A 2 02 12
B 2 102 112
R 2 1102 1112

There’re two more characters which we retrieve from the input buffer – ‘R’ and ‘A’. These two characters have already been encoded and the code for each character can be found in the Huffman tree. In this case R = 1102 , A = 02 . We’re appending these two codes to the output buffer. We’ll get the following sequence: 01000001 1 01000010 10 11 01010010 110 0. As the result of Huffman adaptive encoding, described above, we’ve obtained the following datagram:

ABBRRA (L = 48 bits) => 010000011010000101011010100101100 (L= 33 bits).

The block diagram that illustrates the process of Huffman adaptive encoding is shown on the Fig.1. As we can see from the output listed above, the Huffman adaptive coding is capable to encode a string of (6 bytes x 8 bits = 48-bits) length with the sequence of bits which is just 33-bits long. It means that the Huffman adaptive method also provides the data compression. The compress ratio of the Huffman adaptive coding can be evaluated using the following expression: \(r=1-\frac{L_{OUT}}{L_{IN}}=1-\frac{33}{48}\approx 1-0.69\approx 0.31\). According to the theory, classical static Huffman compression model algorithm ensures the compress ratio which is 0.27 using the fixed-length static codes during the data encoding process. Another benefit of the Huffman adaptive algorithm is that it doesn’t require to store the generated Huffman tree along with the encoded datagram contained in the output buffer. It allows to notably compact the amount of space used to store the encoded data.

In the next section of this article we’ll discuss the algorithm used to decode the data encoded using the Huffman adaptive algorithm. The output buffer for the following encoding algorithm is actually a sequence of bits. Each digit has its own absolute position. We need to append each bit or a portion of bits to the end of the controlled bits sequence using its absolute position in the current sequence. Unfortunately, in programming, there’s no a data structure that can be used to implement a sequence of bits. Either, there’re no operation that allow to set or modify a single bit. The most of the existing CPUs allow to process the data which is 1 byte = 8bits length. We’ll use an array of bytes to implement a bits sequence of a particular length. We need to implement a sequence of bits, which has the length of L = 48 bits. We’ll actually use an array of bytes, which size is 48/8 = 6 bytes long. Fig.2. illustrates a sequence of bits representation as an array of bytes.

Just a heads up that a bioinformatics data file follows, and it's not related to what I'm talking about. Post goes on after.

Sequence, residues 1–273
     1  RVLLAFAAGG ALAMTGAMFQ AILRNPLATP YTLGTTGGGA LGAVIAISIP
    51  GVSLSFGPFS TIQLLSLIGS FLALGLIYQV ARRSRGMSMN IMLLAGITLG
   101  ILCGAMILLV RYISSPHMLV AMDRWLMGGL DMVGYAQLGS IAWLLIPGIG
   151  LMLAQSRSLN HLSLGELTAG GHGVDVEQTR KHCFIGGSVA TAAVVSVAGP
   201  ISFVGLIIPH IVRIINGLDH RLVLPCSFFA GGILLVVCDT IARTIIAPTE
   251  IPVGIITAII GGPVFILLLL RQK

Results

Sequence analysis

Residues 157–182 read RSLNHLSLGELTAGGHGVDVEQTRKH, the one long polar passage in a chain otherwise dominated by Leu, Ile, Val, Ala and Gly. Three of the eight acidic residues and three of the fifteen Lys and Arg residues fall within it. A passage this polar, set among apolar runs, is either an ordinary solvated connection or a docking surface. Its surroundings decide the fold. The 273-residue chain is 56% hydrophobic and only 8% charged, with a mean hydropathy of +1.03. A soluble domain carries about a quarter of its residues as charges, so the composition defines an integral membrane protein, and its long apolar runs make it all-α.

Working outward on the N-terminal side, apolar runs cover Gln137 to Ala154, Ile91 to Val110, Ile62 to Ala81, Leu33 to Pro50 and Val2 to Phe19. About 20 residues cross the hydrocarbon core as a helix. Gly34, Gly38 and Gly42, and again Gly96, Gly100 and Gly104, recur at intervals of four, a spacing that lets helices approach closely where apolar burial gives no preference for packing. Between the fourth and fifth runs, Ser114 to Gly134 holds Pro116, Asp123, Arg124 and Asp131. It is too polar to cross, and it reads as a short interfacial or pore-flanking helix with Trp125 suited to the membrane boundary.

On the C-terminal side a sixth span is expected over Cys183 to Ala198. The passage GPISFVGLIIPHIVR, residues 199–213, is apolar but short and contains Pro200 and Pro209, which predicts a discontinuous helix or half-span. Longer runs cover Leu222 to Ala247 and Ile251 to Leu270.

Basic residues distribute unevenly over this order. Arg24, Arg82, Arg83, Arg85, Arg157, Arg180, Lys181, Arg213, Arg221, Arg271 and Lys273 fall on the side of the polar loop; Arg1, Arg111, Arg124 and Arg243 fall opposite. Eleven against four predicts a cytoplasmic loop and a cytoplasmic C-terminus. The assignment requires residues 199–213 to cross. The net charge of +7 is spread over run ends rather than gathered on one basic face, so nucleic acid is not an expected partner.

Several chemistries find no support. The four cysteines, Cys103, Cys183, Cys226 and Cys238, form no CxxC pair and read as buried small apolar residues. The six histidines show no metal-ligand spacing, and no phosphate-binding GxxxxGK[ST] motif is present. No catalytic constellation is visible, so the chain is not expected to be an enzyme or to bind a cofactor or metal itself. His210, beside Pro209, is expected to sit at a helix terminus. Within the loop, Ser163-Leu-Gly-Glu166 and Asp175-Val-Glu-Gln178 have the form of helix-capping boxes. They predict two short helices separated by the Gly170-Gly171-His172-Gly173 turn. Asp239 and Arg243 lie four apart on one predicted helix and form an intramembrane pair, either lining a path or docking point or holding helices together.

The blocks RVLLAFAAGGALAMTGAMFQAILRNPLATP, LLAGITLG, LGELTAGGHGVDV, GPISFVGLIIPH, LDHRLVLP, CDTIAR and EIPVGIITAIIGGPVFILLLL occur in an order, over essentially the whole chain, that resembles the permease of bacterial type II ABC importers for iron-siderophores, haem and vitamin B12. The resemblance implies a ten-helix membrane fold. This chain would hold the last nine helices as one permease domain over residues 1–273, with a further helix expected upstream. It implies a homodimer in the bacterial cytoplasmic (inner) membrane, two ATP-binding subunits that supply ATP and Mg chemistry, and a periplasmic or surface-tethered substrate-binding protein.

Image 2

Another, the most important aspect is implementing the routines to convert a bit’s absolute position into the bit’s position relative to a particular byte in the array of bytes. To do that, the first we have to locate the byte in the array by calculating the value of the byte’s index. We’re using the following expression, where is the bit’s absolute position. The all bits within a sequence are indexed in the reversible order. It means that the most significant bits belong to the first byte in the array. The least significant bits are located within the last byte. We need to modify the expression listed above by subtracting it from the total number of bytes allocated to store the sequence of bits _huff_buf_size. Finally, we’ll obtain the following expression, which is programmatically implemented as a C-macro (see the source code for more information how the following macro is used):

#define _huff_op_nbyte(nbit) ((_huff_buf_size-1)-nbit/(1<<3))